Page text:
Are you at risk?
Fortunately, routine checkups with your dental healthcare professional can detect the subtle early signs of problems such as inflammation, bleeding and receding gums. He or she also recognizes who’s at greatest risk, including seniors, smokers and those who are immunocompromised. “Smoking really wreaks havoc in the mouth. That’s a big one,” says Rocell Gercio-Chad, a registered dental hygienist. “And people with type 2 diabetes, especially the ones who can’t get their diabetes under control, have a significant increase in periodontal disease.” That’s because people with uncontrolled diabetes are more susceptible to infection and inflammation. Other factors that play a part include stress, teeth clenching or grinding, poor nutrition or oral health habits, certain medications and genetics.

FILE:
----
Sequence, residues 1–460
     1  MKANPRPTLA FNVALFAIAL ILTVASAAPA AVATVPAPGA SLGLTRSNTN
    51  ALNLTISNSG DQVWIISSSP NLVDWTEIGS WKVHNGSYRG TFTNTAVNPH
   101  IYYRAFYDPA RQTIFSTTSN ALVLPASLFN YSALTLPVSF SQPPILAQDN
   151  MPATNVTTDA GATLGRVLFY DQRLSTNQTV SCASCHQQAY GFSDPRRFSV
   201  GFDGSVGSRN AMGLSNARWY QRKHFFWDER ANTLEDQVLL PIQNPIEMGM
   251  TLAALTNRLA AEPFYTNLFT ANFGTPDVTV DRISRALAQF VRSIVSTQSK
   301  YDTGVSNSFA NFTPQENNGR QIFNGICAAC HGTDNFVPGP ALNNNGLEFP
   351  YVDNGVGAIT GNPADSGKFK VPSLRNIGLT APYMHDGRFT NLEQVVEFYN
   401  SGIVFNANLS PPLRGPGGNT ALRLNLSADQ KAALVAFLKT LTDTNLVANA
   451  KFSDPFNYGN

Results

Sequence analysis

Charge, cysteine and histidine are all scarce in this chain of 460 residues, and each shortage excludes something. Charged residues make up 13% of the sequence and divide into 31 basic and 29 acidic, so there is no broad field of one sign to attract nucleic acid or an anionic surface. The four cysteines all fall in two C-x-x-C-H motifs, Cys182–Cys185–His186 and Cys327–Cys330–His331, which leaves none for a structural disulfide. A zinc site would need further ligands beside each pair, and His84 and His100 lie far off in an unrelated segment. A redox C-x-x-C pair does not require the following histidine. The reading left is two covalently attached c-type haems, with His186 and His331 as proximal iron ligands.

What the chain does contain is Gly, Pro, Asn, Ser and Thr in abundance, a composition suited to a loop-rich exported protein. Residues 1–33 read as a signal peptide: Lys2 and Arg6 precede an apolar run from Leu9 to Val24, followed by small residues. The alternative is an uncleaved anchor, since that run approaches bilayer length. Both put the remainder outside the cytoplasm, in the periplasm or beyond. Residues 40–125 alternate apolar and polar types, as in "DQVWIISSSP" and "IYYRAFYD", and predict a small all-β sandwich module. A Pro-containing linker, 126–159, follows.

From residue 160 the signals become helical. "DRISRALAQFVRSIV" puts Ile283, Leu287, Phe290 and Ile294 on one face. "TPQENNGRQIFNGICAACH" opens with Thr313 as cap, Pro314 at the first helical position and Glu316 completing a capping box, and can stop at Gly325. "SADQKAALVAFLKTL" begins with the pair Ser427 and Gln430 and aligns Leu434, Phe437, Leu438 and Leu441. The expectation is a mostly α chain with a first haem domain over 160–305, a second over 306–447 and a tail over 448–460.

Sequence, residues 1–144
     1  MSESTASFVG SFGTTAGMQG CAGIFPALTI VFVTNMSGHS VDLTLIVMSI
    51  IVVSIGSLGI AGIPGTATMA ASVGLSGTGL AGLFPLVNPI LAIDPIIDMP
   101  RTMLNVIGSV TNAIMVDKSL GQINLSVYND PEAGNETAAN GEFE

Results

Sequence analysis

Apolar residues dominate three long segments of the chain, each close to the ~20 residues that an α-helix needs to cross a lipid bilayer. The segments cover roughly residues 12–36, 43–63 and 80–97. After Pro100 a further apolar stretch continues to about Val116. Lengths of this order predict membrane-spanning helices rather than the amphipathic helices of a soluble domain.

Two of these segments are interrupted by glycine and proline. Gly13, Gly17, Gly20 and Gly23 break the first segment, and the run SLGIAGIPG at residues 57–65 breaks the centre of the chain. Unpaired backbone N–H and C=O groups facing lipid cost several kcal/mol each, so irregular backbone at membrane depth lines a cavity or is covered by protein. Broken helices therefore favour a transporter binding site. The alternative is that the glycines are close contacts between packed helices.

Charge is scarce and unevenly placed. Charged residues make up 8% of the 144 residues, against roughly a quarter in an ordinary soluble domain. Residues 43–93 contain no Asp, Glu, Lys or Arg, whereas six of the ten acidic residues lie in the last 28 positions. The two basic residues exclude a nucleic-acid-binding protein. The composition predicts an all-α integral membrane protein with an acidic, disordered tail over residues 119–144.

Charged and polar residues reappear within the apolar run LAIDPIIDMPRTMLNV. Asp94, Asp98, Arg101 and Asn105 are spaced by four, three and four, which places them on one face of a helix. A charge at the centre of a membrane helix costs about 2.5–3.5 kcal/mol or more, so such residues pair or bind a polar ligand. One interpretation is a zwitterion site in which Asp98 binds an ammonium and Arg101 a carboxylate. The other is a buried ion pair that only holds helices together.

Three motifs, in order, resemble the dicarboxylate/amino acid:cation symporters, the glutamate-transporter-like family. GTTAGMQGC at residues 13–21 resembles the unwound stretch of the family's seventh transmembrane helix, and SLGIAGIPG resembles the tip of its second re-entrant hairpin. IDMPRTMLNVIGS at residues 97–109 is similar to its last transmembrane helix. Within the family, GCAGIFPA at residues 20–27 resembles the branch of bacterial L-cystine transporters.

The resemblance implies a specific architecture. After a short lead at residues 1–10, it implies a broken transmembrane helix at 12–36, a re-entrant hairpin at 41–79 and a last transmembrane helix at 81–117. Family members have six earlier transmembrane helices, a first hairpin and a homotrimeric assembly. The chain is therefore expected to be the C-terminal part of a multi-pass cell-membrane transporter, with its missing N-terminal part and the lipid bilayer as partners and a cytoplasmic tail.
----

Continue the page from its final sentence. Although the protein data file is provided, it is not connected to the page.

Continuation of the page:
You can also raise your risk by introducing new sources of foreign bacteria into your mouth—for example, sharing a spoon or letting your dog kiss you. “The bacteria that cause this disease are easily passed along,” Gercio-Chad says.